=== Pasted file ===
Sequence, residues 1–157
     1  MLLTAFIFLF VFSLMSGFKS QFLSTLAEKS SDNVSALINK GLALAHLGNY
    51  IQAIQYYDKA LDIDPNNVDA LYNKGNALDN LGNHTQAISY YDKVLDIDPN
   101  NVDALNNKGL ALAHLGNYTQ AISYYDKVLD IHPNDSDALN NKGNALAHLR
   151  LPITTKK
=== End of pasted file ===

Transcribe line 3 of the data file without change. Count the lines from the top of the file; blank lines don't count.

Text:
    51  IQAIQYYDKA LDIDPNNVDA LYNKGNALDN LGNHTQAISY YDKVLDIDPN